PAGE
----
Japan Snippets

In Japan, Vettel garnered his eighth win and 13th pole. He has taken six wins from pole-positions, his other two wins being from second and third on the grid. Six of his seven failures to win from pole happened this year. It was the thirteenth win for Red Bull from 104 races, but bearing in mind the team only won their first race in China last year, it is their 13th win in the last 31 races. It was the 128th win for a Renault-engined car. These are the top-five win-totals for engines.

1    Ferrari    215
2    Ford Cosworth    176
3    Renault    128
4    Mercedes    82
5    Honda    72

(See gpguide.com for full list)

There was a fair bit of action in Sunday’s race, and whilst I enjoyed watching the event, I am somehow surprised I did not enjoy it more. One suggestion I read was that it was marred by poor TV coverage, and although the live-editing was erratic at times, I do not think that was it. It certainly led to more screen-time for home-driver, Kobayashi, but his series of overtaking moves coincided to justify that, and provided much of the best of the afternoon; it is widely known that overtaking is just too difficult in Formula One, but it seems Kamui did not get that memo. The five ‘Championship contenders finished in the order they qualified in, with Button’s alternate tyre-strategy having no impact. We were denied Kubica’s part in the race action after his early retirement, or the opportunity to see Hamilton mix it with the Red Bulls and Alonso’s Ferrari by his gearbox-change grid-penalty, followed by his transmission issue in the race. With Massa out early and Rosberg’s retirement, the best-of-the-rest battle some way back from the big boys was not that inspiring. The points-gaps between the top-three were closed up by the result, but with one less race left on the season, so not a huge change in status quo; the McLaren pair were pushed further back in the points but it had already looked pessimistic for their chances before Suzuka. It was all a bit anti-climatic.

There are those who argue Nick Heidfeld has had his chance and is not especially deserving of a place in F1 but I disagree. As was once the case with Webber (who was dropped by Williams for not being good enough, although Patrick Head now concedes it might have been the car that was the problem), Heidi has never been in the right team at the right time, except once in Canada 2008, when team-ordered to let Kubica past to steal the win. This is a comparison of Nick’s performance against his F1 team-mates, with the year(s) and team, then his points on the left, the team-mate’s on the right.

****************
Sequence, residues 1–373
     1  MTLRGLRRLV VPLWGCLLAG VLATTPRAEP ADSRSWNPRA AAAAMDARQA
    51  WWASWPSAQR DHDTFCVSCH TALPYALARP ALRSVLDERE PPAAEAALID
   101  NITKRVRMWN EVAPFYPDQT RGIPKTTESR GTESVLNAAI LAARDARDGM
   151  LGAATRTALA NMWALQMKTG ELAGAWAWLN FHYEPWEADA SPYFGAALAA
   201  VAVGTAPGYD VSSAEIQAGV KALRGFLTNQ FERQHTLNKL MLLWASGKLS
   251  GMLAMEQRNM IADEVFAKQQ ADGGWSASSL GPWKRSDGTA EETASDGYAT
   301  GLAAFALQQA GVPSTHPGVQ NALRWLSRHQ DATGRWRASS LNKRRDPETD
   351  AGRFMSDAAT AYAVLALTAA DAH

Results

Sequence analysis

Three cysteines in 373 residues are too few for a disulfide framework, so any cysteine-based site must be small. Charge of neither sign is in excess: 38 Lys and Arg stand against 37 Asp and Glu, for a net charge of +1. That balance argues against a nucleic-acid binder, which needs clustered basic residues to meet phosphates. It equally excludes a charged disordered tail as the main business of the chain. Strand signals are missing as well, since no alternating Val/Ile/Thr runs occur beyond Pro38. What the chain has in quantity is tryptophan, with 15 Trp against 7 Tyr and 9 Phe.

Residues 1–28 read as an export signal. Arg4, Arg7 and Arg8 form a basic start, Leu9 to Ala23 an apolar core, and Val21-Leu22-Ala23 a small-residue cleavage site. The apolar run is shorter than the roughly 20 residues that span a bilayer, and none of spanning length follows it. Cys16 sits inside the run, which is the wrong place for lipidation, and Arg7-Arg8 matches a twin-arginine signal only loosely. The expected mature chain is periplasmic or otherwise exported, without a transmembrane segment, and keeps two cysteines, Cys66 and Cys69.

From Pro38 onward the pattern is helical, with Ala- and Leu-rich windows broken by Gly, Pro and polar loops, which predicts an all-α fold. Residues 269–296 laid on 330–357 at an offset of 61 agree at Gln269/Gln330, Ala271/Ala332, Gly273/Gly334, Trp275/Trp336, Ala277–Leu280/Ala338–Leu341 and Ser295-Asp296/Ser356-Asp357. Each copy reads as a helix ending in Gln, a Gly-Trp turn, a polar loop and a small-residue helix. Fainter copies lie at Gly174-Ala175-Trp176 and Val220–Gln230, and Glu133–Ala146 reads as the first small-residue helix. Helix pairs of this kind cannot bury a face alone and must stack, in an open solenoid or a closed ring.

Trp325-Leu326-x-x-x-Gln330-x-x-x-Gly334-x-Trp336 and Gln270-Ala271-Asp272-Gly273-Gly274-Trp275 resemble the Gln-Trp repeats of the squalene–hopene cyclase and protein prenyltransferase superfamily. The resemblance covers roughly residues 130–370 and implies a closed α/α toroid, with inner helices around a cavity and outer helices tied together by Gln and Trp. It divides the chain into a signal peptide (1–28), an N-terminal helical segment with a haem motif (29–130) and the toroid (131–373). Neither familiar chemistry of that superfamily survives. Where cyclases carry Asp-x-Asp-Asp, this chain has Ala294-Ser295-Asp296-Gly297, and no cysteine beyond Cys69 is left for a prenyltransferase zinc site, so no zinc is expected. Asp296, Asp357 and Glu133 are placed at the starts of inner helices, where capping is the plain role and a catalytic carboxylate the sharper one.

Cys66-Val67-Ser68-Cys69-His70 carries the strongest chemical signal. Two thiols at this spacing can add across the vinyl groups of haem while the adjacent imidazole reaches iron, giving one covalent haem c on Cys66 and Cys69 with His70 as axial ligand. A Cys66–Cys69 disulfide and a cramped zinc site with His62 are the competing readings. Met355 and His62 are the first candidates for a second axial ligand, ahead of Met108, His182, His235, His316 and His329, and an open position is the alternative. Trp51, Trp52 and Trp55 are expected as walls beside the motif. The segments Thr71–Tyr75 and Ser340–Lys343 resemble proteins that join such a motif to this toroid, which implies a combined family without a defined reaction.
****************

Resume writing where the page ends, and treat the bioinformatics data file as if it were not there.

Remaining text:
2000   Prost   0 : 0   Alesi
2001   Sauber   12 : 9   Räikkönen
2002   Sauber   7 : 4   Massa
2002-3   Sauber   6 : 13   Frentzen
2004   Jordan   2 : 0   Pantano
2004   Jordan   1 : 2   Glock
2005   Williams   28 : 24   Webber
2006   BMW   13 : 7   Villeneuve
2006-9   BMW   150 : 137   Kubica
2007   BMW   0 : 1   Vettel
2010   Sauber   4 : 6   Kobayashi

It is fair to ignore Heidfeld being out-scored by Glock, Vettel, and Kobayashi as he has had them as team-mates for only one to three races. He was trounced by Frentzen in 2001, but has out-performed everyone else including Räikkönen, Villeneuve, Massa, Webber, and Kubica, who, with better opportunities, have collectively won two World Championships and forty-seven Grands Prix. He is also a driver that in the 2008 season overtook two drivers simultaneously not once but three times. Thus it was unfortunate news, issued even before quick Nick had had time to settle in with the team, that Sauber will be replacing him for 2011 with Mexican pay-driver, Mexican Sergio Perez. The reasons for the Swiss outfit recruiting Heidfeld were de la Rosa being disappointing and wanting a known-quantity driver to work out where the car is. With the scintillating but inconsistent Kobayashi partnered with an unproven rookie next season, heaven knows how they plan on evaluating the development programme if Pedro’s experience was unhelpful. For Nick, however well he does in the remaining races, it is difficult to see any opportunity for him unless Schumacher quits, Renault chose talent over money for the second seat, or he is willing to go to Force India, all of which look unlikely.

I looked at the circuit map for Korea with horror. Tilke has packed eighteen corners into the 3·5 mile (5·6 km) design. As you can see, fourteen of the turns are barely interrupted by any straights to speak of. With the bareness of the landscape, reconising one part of the track from another on TV will make the turns at Valencia look as individual as fingerprints; it might even be quite hard for drivers to remember where they are on the circuit. This sequence will of course spread out any cars that were close going into it. By the end of the start-finish, any minor ground that has been made up on a car in front will soon be lost in turns one and two, so it is very unlikely the longest straight that follows will be enough to slipstream to catch up by turn three, which anyway, by the look of the on-board footage from Chandhok’s run, is surprisingly narrow for a modern circuit, so will be easy to defend at. There only appears to be the one grandstand, on the start/finish, and we will find out if they can fill that. The grandiose plans include building a city around the circuit, so at least their optimism can not be faulted. There may be a good chance of a very lively weekend as with the tarmac so recently laid, as explained by Radio Five Live’s Anthony Davidson, the surface may still be emitting oils that will make the track very slippery indeed. Even in the sunshine, it could be a weekend for drivers that are good in the wet; if not careful, they may Korea off the track.

(If you have not already viewed it, have a look at the pictures from Korea in this post by Joe Saward.)

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